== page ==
16 Dec 2007
Sukon Island
Trang, Thailand
7° 5'43.02"N 99°33'56.69"E
30°

 

Having decided to cross the border by road I thought we'd be able to get a bus, but the only transport from Penang to Thailand was by mini bus. We decided to ignore the government warnings and head for Hat Yai. I think if we'd gone onto the mainland and into Butterworth we might have been able to pick up a coach en route from KL, but it just wasn't worth the bother. I've read some horror stories about minibus travel in Asia - 12 seats/15 passengers, no air con, no suspension and other horrid tales, but we checked out a few and picked what we thought was the best. As it turned out it was good - a 10 seater with working (but not overpowering) air con and good suspension. All seats were taken, although if everyone had as much luggage as us (and we don't have a lot) I don't know where it would have gone, but most people were only going for a day or two - including 3 Malaysians who have lived in Australia for longer than us and are touring around pretty much the same as we are. Even better, we arranged for the minibus to pick us up and on arrival in Hat Yai the driver asked where we were going and dropped us off, so we got door to door transport at no extra cost. Not bad really - about 4 hours in total (with about one of those hours being taken up by toilet/duty free shop/Malay immigration/Thai immigration stops for A$8/3.50 each.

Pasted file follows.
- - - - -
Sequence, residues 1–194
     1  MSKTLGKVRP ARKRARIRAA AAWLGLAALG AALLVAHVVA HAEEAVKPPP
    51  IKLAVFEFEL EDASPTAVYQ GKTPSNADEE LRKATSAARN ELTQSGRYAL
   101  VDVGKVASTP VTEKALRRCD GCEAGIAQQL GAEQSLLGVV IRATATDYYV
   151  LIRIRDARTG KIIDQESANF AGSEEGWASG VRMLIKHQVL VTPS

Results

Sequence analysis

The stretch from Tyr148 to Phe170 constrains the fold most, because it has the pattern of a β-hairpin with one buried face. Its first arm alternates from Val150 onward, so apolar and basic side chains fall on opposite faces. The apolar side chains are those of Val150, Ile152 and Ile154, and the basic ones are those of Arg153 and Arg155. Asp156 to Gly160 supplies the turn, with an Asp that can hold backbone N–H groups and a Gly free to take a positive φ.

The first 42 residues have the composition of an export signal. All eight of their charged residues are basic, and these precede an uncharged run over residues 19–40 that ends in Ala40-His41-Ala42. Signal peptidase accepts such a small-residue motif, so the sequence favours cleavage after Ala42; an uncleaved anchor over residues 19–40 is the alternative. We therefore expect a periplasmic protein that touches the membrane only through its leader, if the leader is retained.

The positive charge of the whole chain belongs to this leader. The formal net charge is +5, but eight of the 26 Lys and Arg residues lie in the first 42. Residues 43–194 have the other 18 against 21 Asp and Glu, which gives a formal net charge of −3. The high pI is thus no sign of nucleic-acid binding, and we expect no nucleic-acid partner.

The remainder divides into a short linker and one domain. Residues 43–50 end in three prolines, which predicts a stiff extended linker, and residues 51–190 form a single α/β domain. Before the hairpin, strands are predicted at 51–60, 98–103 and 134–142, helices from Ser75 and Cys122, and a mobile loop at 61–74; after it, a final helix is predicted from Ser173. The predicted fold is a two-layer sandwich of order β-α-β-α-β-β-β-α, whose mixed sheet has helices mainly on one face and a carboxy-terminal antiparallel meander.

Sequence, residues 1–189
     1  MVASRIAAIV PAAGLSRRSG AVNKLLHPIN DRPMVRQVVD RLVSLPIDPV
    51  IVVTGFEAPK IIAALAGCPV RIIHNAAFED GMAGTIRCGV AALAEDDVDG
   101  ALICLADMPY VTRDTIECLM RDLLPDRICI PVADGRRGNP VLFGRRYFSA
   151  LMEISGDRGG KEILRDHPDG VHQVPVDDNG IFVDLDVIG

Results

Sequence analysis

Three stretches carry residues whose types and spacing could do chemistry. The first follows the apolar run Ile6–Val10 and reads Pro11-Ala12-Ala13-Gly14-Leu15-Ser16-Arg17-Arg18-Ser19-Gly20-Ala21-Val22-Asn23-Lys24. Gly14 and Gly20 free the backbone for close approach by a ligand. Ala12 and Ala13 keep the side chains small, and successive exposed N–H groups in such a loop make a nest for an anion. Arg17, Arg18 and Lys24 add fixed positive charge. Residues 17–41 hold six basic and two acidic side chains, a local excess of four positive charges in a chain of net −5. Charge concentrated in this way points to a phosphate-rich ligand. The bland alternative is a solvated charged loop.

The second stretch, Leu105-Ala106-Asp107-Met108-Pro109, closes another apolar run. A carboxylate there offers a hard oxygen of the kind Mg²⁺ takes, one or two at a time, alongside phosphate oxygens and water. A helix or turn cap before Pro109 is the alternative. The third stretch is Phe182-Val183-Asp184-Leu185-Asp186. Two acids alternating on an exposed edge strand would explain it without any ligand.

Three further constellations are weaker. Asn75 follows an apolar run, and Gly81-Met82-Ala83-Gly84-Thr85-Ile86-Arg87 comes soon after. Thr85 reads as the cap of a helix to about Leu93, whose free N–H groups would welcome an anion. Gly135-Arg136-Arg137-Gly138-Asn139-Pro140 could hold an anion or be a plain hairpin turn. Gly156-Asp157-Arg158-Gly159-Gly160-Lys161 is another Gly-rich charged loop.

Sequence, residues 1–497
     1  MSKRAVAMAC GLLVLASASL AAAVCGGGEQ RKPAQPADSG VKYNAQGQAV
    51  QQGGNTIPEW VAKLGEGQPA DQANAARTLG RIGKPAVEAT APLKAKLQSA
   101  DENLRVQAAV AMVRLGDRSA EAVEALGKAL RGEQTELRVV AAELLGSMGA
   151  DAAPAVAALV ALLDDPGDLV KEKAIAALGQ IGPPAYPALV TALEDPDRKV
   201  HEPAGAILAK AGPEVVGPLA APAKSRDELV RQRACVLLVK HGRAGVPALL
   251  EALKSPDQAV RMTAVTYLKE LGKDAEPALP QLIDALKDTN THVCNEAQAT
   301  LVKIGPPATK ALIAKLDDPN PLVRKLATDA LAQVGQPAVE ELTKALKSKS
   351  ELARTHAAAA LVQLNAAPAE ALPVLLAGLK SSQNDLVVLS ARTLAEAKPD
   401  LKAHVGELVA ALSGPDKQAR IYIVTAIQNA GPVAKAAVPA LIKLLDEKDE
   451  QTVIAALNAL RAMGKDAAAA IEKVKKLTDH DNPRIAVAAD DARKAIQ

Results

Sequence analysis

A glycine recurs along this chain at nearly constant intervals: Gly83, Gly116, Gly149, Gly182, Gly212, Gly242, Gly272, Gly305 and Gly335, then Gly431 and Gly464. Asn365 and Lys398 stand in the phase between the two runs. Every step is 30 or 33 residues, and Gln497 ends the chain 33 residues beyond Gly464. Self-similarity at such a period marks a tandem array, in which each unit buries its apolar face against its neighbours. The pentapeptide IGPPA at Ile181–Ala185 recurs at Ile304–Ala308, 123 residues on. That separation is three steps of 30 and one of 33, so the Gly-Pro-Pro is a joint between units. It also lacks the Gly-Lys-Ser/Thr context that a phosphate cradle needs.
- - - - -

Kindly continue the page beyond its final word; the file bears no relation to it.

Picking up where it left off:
And we found a scam. As we were at Malaysian immigration, one of the Australian-Malays said something about his RM1 (about 34c/15p). Didn't think much of it until we got back on the bus to go to the Thai immigration point, where we noticed everyone else had a RM1 note in their passport with their arrival card. Oops - we'd changed all of our money into Thai baht, and spent the loose change we had left on chewing gum. One very kind fellow passenger offered to give us RM2, but I started to think about it and declined.What is this charge? Who makes it? Who takes it? It had scam written all over it. Nobody seemed to know why, they just knew you had to pay it. Other buses and minibuses were arriving and everybody, Malays, Thais and westerners had their passports and RM1 note (presumably because they'd been told they had to). I just handed over our passports with the arrival cards, got the stamps and away we went without comment. I have no idea how many people make that border crossing every day, and just how much cigarette money (as bribes and backhander's are commonly called all over Asia) the Thai border officials make from them. There were 11 people on our minibus including the driver. There were another half a dozen or so full minibuses there at the same time we were, as well as 4 coaches and I don't know how many cars. You couldn't even start to count the trucks and vans. You may think 34c/15p isn't a lot of money, and it isn't, but in Thailand you can get a simple fried rice or noodle meal at a food stall for 85c/38p. Two people and they've almost got a meal. Four people and they've got more enough for a big bottle of beer. Thousands of people must pass through that border every day - there were hundreds just in the time we were there - and I didn't see anyone not paying it. It will be interesting to see if the same thing happens on the way back. It would be even more interesting if we were asked for it (hehehe).